Vol. 7 nº 2 - Apr/May/Jun de 2013
Original Article Páginas: 181 a 189

Education, leisure activities and cognitive and functional ability of Alzheimer's disease patients: A follow-up study

Authors Margarida Sobral1,2; Constança Paúl2

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keywords: aging; Alzheimer's disease; education; leisure activities.

ABSTRACT:
Education and participation in leisure activities appear to be highly relevant variables in Alzheimer's disease (AD) and usually form the basis of the Cognitive Reserve construct.
OBJECTIVE: [A] To determine the association between education, cognitive and functional ability of AD patients; [B] To determine the association between participation in leisure activities and cognitive and functional ability of AD patients; [C] To evaluate the association of education and participation in leisure activities in the course of AD.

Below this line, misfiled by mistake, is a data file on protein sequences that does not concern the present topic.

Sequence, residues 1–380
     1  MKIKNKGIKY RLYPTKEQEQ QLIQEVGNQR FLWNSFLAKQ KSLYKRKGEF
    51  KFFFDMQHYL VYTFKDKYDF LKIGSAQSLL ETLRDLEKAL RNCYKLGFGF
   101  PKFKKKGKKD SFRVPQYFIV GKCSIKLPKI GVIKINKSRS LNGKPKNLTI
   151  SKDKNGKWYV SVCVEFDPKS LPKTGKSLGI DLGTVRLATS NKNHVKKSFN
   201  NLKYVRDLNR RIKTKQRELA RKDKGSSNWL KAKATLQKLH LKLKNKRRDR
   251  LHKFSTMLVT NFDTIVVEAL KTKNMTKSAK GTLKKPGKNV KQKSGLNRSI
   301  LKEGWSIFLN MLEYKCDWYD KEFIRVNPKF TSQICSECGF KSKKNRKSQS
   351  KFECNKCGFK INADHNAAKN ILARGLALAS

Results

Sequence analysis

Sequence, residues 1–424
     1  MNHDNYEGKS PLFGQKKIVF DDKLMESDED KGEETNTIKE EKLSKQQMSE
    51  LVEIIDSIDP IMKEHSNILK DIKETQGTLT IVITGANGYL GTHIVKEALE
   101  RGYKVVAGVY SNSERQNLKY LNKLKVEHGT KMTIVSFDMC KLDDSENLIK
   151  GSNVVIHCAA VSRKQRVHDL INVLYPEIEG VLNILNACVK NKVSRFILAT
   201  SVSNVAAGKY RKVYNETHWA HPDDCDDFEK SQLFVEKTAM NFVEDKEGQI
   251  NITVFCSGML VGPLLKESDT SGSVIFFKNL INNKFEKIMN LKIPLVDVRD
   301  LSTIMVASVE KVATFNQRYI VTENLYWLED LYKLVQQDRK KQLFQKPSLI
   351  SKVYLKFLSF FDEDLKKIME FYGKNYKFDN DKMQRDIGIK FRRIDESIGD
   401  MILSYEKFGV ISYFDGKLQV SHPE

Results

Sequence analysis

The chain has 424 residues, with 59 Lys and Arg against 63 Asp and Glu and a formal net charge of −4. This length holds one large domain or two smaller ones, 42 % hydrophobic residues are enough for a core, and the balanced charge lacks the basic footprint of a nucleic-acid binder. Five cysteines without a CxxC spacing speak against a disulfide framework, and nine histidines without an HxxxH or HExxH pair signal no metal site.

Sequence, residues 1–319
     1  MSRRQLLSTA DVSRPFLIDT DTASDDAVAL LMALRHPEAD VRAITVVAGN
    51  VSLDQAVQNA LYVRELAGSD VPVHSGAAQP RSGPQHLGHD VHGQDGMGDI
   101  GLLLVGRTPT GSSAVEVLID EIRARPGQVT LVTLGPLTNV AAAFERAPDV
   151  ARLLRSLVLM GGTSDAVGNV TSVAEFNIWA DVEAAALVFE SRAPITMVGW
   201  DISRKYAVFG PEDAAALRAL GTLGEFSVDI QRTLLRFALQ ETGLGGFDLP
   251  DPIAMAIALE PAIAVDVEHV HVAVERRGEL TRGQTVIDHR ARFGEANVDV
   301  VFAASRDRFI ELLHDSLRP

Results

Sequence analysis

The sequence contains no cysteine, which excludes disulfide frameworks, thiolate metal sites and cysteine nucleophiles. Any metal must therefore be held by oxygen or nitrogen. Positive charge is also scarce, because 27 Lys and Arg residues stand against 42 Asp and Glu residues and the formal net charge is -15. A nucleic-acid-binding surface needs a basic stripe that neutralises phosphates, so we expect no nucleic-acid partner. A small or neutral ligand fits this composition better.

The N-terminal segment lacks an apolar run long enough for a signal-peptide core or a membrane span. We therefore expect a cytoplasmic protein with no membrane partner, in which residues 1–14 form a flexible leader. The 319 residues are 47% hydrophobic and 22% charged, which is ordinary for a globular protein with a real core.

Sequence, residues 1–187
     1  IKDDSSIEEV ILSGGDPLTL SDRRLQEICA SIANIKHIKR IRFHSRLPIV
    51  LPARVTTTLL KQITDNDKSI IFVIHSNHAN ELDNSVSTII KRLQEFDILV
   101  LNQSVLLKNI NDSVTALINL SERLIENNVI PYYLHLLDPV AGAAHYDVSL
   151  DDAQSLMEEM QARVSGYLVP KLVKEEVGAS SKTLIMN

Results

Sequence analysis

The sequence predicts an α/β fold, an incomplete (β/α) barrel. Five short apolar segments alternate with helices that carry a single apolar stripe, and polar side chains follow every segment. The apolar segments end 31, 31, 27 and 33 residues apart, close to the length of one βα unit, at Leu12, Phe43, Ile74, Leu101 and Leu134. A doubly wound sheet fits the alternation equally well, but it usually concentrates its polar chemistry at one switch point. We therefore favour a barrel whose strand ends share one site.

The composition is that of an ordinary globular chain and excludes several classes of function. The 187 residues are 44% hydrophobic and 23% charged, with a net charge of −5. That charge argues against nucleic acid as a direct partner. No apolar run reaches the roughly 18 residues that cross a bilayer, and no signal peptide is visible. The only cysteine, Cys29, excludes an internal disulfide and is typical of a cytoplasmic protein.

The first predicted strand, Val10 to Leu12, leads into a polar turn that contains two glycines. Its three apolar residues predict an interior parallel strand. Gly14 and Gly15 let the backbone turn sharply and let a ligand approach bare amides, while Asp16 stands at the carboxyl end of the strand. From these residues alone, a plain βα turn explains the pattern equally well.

METHODS: Functional and neuropsychological abilities of 120 outpatients with probable AD were evaluated at baseline, at 36 and 54 months. Data collected at baseline included socio-demographics, clinical variables, education and frequency of participation in leisure activities throughout life. All participants and/or caregivers answered the questionnaire, "Participation in leisure activities throughout life" while patients completed the MMSE, the Clinical Dementia Rating scale, neuropsychological tests from the Lisbon Screening for Dementia Assessment, Barthel Index and Lawton and Brody's Index.
RESULTS: AD patients with higher levels of education achieved better results on cognitive tests. The participants with higher participation in leisure activities exhibited better results on cognitive and functional tests than those with lower participation. The disease progression was linear and progressed similarly regardless of the level of education of participants. However, the results suggest a slower disease progression in patients with a higher level of participation in leisure activities throughout their lives.
CONCLUSION: AD patients with high education and high participation in leisure activities may benefit from a slower cognitive and functional decline after diagnosis of AD.

 

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